PA Consulting Student 4.0: how universities can become student centric institutions

Student 4.0: how universities can become student centric institutions


Modern students have clear goals and high expectations, says Ian Matthias

Higher education institutions face fiercely competing priorities. They’re under pressure to rank highly in measures such as the teaching excellence framework (TEF), but at the same time students are more discerning than ever about what they expect from university. A recent survey of UK vice chancellors by PA Consulting found that 59 per cent felt that maximising TEF ratings was a top strategic priority, while 79 per cent prioritised student satisfaction over league table rankings. And now that National Student Survey ratings are likely to carry less weight in TEF ratings, the goalposts are changing all the time.  

What is certain is that today’s students are making decisions on higher education armed with far more information than previous generations, and seek greater certainty about what their university can offer them in terms of scholarship, employability, student experience and pastoral care. This shift towards more student-centric universities is one that has been happening for some time, albeit slowly, says Ian Matthias, higher education consultant at PA Consulting. PA Consulting describes this new relationship as ‘Student 4.0’ – students have clearer goals and higher expectations of the type of relationship they will develop with a university in order to achieve their ambitions.    

“Universities are now far more demand-led,” Matthias explains. “They’re trying to find and communicate their value proposition -- how they’re relevant to students’ lives, but realising at the same time that they can’t be all things to everyone.” Institutions are at different stages of this transition, he adds, and the most advanced are adapting large parts of their business models to become more student-centric.

A good example of this is Coventry University’s Add+vantage Scheme, which enables students to gain work experience and career development activities alongside their studies rather than as a separate element.

Northampton is an example of a university that has recognised its value proposition is in offering something unique, becoming the ‘go-to’ institution for those who want to work in or set up social enterprises.

A key part of developing that value proposition is realising that a university cannot meet every demand of every type of student, Matthias points out. “All too often, in the scramble for growth, looking for the best-fit students becomes a secondary consideration, and their experience falls short of what they were expecting,” he says.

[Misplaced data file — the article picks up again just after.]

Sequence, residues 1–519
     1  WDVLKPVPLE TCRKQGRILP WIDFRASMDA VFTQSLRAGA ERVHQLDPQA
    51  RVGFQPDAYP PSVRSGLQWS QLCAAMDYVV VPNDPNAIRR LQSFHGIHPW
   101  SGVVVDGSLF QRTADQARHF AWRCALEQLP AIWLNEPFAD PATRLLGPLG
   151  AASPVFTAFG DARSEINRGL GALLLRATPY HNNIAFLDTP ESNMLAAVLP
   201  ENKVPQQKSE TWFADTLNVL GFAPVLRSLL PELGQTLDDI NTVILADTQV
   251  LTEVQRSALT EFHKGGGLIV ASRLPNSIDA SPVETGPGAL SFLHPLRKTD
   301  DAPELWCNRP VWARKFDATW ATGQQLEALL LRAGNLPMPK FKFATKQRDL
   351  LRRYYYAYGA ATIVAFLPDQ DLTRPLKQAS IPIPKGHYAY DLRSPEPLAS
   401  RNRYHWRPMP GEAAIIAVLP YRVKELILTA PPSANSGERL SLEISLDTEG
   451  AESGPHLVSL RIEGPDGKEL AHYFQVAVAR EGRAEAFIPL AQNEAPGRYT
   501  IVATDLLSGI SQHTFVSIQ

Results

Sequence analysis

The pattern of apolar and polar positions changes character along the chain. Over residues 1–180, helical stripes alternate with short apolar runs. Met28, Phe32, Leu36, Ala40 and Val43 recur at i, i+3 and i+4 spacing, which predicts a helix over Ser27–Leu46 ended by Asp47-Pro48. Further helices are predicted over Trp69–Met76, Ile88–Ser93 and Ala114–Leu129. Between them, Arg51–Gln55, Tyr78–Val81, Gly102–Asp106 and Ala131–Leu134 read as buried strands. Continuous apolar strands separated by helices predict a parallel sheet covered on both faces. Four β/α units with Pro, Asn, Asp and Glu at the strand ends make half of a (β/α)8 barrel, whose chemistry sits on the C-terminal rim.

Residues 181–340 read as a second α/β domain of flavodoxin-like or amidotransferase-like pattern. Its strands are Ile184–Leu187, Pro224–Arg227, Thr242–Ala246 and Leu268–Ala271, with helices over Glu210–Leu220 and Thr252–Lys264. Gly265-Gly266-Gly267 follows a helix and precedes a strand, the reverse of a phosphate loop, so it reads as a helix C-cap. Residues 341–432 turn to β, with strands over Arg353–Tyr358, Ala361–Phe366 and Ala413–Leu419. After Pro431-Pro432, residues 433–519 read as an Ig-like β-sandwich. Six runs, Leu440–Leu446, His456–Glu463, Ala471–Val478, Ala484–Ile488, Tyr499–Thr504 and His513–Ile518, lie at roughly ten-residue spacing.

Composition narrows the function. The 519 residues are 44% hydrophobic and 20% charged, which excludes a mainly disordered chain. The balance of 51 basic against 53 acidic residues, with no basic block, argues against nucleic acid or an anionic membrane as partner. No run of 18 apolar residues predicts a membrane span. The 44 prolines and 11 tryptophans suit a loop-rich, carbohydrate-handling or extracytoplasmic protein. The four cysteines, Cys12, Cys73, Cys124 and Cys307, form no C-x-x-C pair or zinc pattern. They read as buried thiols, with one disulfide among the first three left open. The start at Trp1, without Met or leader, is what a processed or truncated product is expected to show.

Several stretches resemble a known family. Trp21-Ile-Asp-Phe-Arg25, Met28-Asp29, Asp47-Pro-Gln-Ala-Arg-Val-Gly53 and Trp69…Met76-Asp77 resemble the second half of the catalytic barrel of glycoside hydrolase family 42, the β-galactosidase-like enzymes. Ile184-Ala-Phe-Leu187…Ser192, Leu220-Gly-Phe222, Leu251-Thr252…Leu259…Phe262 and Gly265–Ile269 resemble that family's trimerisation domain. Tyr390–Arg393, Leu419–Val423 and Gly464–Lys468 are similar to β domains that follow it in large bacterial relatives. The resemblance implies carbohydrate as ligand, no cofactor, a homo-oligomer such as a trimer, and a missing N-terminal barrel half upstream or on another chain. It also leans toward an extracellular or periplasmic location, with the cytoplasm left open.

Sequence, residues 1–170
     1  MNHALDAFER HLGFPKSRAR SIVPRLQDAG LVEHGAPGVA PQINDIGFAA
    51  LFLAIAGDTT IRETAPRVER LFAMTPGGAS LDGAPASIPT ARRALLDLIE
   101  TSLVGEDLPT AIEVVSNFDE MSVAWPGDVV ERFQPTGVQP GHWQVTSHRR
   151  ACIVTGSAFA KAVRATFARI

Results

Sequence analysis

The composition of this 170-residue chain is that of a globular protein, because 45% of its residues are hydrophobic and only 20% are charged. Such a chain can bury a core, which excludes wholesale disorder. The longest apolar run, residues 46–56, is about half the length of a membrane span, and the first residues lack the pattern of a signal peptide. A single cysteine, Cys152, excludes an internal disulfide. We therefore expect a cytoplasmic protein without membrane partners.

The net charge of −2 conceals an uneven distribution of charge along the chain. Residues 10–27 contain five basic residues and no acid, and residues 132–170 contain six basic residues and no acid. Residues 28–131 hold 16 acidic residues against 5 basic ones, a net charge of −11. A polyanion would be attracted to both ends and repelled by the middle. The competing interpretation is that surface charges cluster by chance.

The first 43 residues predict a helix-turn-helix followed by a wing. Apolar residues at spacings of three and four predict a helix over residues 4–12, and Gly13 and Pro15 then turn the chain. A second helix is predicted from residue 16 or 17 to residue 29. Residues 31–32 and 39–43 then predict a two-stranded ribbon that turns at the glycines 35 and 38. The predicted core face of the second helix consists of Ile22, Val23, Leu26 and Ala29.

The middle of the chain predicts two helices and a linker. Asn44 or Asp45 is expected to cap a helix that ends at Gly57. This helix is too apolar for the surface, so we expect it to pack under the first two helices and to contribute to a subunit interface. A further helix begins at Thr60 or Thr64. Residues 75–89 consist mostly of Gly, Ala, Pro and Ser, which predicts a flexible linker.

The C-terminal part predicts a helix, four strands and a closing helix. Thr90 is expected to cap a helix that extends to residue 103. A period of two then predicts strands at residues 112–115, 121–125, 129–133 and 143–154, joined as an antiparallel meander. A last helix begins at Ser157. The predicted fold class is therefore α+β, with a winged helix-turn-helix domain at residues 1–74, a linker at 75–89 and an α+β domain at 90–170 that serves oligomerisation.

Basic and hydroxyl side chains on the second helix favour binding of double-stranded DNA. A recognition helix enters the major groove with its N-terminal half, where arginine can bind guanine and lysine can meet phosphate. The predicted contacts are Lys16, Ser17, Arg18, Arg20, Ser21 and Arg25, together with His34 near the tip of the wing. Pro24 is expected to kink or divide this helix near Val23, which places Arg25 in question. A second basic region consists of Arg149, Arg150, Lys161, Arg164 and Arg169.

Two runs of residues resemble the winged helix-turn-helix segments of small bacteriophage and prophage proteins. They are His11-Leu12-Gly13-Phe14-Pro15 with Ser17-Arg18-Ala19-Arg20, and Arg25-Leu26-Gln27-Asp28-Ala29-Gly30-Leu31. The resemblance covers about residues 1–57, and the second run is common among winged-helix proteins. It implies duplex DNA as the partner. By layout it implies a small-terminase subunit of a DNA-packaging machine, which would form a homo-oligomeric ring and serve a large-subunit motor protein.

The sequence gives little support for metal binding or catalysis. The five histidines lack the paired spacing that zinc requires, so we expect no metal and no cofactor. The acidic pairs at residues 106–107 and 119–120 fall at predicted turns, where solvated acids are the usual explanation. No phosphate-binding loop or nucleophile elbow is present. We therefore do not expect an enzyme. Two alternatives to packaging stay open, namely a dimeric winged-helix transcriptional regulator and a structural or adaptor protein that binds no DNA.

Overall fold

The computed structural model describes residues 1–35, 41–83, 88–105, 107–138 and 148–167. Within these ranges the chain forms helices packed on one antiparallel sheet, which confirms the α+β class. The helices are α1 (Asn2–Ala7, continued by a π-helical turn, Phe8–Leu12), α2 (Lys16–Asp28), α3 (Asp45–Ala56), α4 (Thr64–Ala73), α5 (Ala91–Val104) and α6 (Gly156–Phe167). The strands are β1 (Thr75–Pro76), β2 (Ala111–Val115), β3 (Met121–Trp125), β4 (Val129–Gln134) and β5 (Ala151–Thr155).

There are ways universities can remodel themselves at both a strategic level and in their day-to-day activities. “Some students want flexibility and inter-disciplinarity, but that may mean that as their experience crosses boundaries within universities, it becomes inconsistent,” explains Matthias. Taking this further, it will become less acceptable to simply have pockets of good practice dotted around institutions. “Good universities incubate good ideas and make them mainstream across the institution quickly,” he adds.

UCL’s Connected Curriculum, for example, demonstrates how an institution’s commitment to research-based learning can bring together the best of its research and teaching to enrich educational enhancement.

At the day-to-day level, simple things like streamlining the way in which universities communicate with students and offering workplace skills courses, can have an immediate and measurable impact on student experience. So too can re-evaluating systems and sorting out those that are ineffective. “We see too many places where resources are spent on low value administrative activity due to poor processes and systems. All too often we see academics involved in too much administration – universities need to reduce wasted effort so they can focus on value-adding activity such as coaching students and delivering great teaching,” Matthias advises.

Improving student outcomes will of course support universities’ ambitions to rank highly in TEF and other league tables. Universities such as Loughborough, which recently gained a gold TEF ranking but is also top of the THE’s student experience survey, realise that “strategies that achieve high satisfaction scores are always about the longer term, not chasing short-term boosts through attention-grabbing initiatives”, he adds. Loughborough has received plaudits for its students’ involvement in designing the curriculum, and the way its student union thinks as strategically about outcomes as the university itself.

Raising students’ expectations means universities are also under pressure to deliver – and keep delivering. Rolling out the red carpet to attract the best students will do little for student satisfaction scores if personal tutors are unavailable for months after term begins.

Universities also need to get better at joined-up use of data, argues Matthias. PA Consulting advocates using student data to create a single view of the student, avoiding a situation where a student has a known issue but the staff they see everyday are unaware.  

Against such as fast-changing backdrop, how can HE leaders hope to keep up with student expectations and still achieve recognition for research? The key is to focus resources on things that matter to the student, concludes Matthias, and to empower those closest to them to make decisions that will enrich their experience. 

More education insights from PA Consulting.

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